Sitting en banc, the Court of Appeals vacated the panel's decision and affirmed the District Court's summary judgment for the City. 195 F. 3d 242 (CA5 1999). Relying on Whren v. United States, 517 U. S. 806 (1996), the en banc court observed that, although the Fourth Amendment generally requires a balancing of individual and governmental interests, where "an arrest is based on probable cause then `with rare exceptions . . .the result of that balancing is not in doubt.' " 195 F. 3d, at 244 (quoting Whren, supra, at 817). Because "neither party disputed that Officer Turek had probable cause to arrest Atwater," and because "there was no evidence in the record that Officer Turek conducted the arrest in an `extraordinary manner, unusually harmful' to Atwater's privacy interests," the en banc court held that the arrest was not unreasonable for Fourth Amendment purposes. 195 F. 3d, at 245-246 (quoting Whren, supra, at 818).

Three judges issued dissenting opinions. On the understanding that citation is the "usual procedure" in a traffic stop situation, Judge Reynaldo Garza thought Atwater's arrest unreasonable, since there was no particular reason for taking her into custody. 195 F. 3d, at 246-247. Judge Weiner likewise believed that "even with probable cause, an officer must have a plausible, articulable reason" for making a custodial arrest. Id., at 251. Judge Dennis understood the Fourth Amendment to have incorporated an earlier, common-law prohibition on warrantless arrests for misdemeanors that do not amount to or involve a "breach of the peace." Ibid.

We granted certiorari to consider whether the Fourth Amendment, either by incorporating common-law restrictions on misdemeanor arrests or otherwise, limits police officers' authority to arrest without warrant for minor criminal offenses. 530 U. S. 1260 (2000). We now affirm.


The Fourth Amendment safeguards "the right of the people to be secure in their persons, houses, papers, and effects, against unreasonable searches and seizures." In reading the Amendment, we are guided by "the traditional protections against unreasonable searches and seizures afforded by the common law at the time of the framing," Wilson v. Arkansas, 514 U. S. 927, 931 (1995), since "an examination of the common-law understanding of an officer's authority to arrest sheds light on the obviously relevant, if not entirely dispositive, consideration of what the Framers of the Amendment might have thought to be reasonable," Payton v. New York, 445 U. S. 573, 591 (1980) (footnote omitted). Thus, the first step here is to assess Atwater's claim that peace officers' authority to make warrantless arrests for misdemeanors was restricted at common law (whether "common law" is understood strictly as law judicially derived or, instead, as the whole body of law extant at the time of the framing). Atwater's specific contention is that "founding-era common-law rules" forbade peace officers to make warrantless misdemeanor arrests except in cases of "breach of the peace," a category she claims was then understood narrowly as covering only those nonfelony offenses "involving or tending toward violence." Brief for Petitioners 13. Although her historical argument is by no means insubstantial, it ultimately fails.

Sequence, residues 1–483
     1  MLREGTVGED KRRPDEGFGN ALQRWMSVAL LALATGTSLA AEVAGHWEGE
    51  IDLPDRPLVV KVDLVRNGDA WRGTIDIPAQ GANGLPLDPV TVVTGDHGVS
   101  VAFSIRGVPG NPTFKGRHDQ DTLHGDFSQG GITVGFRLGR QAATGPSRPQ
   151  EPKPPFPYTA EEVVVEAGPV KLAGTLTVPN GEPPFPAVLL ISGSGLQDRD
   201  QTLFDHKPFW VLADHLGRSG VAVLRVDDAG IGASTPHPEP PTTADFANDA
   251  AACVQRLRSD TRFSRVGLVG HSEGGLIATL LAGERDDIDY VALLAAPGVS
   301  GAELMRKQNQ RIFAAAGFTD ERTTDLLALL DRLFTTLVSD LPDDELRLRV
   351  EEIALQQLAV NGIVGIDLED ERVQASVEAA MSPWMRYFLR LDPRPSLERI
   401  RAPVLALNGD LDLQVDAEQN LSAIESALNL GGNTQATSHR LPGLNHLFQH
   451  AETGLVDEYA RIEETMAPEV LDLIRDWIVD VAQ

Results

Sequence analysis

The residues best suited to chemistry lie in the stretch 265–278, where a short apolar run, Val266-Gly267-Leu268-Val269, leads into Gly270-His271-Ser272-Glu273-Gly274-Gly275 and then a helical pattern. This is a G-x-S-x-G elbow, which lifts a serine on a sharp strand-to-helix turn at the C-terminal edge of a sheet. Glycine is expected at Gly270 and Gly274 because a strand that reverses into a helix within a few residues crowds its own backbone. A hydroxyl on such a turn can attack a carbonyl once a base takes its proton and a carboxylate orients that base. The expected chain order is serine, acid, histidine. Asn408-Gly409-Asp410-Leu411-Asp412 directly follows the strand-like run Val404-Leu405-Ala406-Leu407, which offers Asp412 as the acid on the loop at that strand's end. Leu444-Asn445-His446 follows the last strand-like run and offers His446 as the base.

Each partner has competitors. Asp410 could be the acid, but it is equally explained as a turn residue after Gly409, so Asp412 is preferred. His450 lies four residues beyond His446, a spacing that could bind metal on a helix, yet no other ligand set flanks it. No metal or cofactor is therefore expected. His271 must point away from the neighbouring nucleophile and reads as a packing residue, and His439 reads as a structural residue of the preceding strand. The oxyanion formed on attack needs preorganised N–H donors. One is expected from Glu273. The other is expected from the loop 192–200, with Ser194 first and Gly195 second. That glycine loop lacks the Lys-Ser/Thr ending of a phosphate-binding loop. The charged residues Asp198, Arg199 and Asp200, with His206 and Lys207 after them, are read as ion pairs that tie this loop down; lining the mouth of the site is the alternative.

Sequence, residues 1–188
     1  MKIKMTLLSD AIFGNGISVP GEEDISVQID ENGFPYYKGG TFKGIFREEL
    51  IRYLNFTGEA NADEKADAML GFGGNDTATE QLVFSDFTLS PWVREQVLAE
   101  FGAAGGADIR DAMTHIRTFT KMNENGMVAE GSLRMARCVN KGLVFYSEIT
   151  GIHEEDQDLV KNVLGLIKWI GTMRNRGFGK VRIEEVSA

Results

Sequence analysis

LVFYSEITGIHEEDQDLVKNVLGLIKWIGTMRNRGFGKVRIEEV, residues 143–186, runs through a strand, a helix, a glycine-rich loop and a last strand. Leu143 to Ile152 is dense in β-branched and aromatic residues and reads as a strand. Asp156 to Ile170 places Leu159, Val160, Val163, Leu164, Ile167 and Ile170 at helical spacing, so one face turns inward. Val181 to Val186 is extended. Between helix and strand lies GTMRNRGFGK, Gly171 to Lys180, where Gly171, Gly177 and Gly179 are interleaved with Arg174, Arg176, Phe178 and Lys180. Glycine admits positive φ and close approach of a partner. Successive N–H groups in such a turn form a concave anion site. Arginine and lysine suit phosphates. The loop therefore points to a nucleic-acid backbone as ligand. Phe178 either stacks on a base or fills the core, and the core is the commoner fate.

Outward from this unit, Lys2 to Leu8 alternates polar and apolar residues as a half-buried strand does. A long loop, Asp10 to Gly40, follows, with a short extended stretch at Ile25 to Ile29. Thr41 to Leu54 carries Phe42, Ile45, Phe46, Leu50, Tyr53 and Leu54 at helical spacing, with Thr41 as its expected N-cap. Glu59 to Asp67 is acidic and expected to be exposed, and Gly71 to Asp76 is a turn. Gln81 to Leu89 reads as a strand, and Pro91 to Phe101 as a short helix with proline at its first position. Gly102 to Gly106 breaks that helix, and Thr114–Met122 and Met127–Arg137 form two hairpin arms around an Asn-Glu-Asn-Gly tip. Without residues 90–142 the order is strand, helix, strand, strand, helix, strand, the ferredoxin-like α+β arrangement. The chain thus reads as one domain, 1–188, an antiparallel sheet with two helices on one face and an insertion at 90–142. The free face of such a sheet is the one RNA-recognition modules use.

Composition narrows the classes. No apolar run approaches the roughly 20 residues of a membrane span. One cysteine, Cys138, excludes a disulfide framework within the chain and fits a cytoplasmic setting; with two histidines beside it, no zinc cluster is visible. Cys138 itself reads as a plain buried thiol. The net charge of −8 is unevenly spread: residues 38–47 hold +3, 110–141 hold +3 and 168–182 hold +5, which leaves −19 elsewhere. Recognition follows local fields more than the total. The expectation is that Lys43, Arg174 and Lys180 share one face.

We begin with the state of pre-founding English common law and find that, even after making some allowance for variations in the common-law usage of the term "breach of the peace,"2 the "founding-era common-law rules" were not nearly as clear as Atwater claims; on the contrary, the common-law commentators (as well as the sparsely reported cases) reached divergent conclusions with respect to officers' warrantless misdemeanor arrest power. Moreover, in the years leading up to American independence, Parliament repeatedly extended express warrantless arrest authority to cover misdemeanor-level offenses not amounting to or involving any violent breach of the peace.

Atwater's historical argument begins with our quotation from Halsbury in Carroll v. United States, 267 U. S. 132 (1925), that

"`in cases of misdemeanor, a peace officer like a private person has at common law no power of arresting without a warrant except when a breach of the peace has been committed in his presence or there is reasonable ground for supposing that a breach of peace is about to be committed or renewed in his presence.' " Id., at 157 (quoting 9 Halsbury, Laws of England § 612, p. 299 (1909)).

But the isolated quotation tends to mislead. In Carroll itself we spoke of the common-law rule as only "sometimes expressed" that way, 267 U. S., at 157, and, indeed, in the very same...